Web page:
Freedom's Gardener: James F. Brown, Horticulture, and the Hudson Valley in Antebellum America (BOK)
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In 1793 James F. Brown was born a slave, and in 1868 he died a free man. At age 34 he ran away from his native Maryland to pass the remainder of his life as a gardener to a wealthy family in the Hudson Valley. Two years after his escape and manumission, he began a diary which he kept until his death. In Freedom's Gardener, Myra B. Young Armstead uses the apparently small and domestic details of Brown's diaries to construct a bigger story about the transition from slavery to freedom. In this first detailed historical study of Brown's diaries, Armstead utilizes Brown's life to illuminate the concept of freedom as it developed in the United States in the early national and antebellum years. That Brown, an African American and former slave, serves as such a case study underscores the potential of American citizenship during his lifetime. Myra B. Young Armstead is Professor of History at Bard College. Her books include "Lord, Please Don't Take Me in August": African Americans in Newport and Saratoga Springs, 1870-1930 and Mighty Change, Tall Within: Black Identity in the Hudson Valley.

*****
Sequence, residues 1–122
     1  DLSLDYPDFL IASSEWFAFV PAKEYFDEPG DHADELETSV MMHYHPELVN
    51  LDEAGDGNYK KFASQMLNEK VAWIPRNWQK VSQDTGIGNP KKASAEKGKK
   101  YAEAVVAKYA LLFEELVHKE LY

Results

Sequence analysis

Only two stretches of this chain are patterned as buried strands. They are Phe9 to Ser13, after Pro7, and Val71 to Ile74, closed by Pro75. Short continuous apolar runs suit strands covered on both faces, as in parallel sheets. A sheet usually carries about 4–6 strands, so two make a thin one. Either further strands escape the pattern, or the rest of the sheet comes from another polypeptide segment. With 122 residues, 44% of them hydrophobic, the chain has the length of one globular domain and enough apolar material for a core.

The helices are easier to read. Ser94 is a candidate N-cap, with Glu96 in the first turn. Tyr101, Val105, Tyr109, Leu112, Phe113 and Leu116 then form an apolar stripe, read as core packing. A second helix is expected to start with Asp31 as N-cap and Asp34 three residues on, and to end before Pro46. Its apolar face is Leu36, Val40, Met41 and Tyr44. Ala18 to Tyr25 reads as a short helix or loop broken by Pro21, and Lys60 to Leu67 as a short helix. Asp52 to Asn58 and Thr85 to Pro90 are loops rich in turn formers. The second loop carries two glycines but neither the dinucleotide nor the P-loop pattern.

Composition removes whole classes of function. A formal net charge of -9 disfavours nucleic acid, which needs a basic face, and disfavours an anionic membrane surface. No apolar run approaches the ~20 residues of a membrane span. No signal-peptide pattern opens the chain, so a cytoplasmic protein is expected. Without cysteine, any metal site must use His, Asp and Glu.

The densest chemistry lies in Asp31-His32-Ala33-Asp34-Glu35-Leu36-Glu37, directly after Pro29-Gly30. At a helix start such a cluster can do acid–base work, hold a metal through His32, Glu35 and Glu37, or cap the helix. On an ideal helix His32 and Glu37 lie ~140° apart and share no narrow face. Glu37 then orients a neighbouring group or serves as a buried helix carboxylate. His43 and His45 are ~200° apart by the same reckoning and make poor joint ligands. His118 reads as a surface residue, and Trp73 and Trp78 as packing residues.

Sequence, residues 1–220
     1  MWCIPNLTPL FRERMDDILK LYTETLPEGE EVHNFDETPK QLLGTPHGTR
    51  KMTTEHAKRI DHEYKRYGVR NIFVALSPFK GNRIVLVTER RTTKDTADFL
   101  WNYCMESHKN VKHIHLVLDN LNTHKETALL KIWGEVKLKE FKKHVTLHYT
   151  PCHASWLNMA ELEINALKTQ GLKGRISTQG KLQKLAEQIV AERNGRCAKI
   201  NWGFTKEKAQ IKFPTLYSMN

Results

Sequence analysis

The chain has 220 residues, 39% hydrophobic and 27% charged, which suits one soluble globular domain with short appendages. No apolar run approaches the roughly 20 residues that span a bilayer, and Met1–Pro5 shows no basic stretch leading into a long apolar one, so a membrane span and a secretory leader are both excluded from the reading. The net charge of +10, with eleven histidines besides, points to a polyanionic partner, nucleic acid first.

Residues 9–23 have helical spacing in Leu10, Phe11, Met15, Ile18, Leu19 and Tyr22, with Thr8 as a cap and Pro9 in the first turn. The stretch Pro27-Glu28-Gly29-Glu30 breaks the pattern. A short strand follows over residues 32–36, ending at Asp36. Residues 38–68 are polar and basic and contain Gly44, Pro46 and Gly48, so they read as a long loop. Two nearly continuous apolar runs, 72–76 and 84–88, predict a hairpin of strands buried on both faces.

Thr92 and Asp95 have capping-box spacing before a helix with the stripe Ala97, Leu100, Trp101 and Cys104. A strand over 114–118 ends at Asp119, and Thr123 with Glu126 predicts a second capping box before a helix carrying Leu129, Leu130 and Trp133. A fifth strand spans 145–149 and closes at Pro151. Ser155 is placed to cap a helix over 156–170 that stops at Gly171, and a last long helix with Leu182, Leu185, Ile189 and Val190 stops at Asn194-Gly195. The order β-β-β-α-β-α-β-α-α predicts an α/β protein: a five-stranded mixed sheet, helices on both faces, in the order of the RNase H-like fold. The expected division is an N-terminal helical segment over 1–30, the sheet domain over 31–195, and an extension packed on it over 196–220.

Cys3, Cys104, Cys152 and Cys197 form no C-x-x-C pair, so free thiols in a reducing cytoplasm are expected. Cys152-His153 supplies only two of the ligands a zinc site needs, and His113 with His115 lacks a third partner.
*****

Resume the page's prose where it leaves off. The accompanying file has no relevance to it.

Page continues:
|Utgitt||2013||Forfatter||Myra Beth Young Armstead|
NEW YORK UNIVERSITY PRESS
|Antall sider||219||Dimensjoner||15,4cm x 22,9cm x 1,4cm|
|Vekt||313 gram||Leverandør||Bertram Trading Ltd|
|Emner og form||History of the Americas, Modern history to 20th century: c 1700 to c 1900, Diaries, letters & journals, Slavery & abolition of slavery|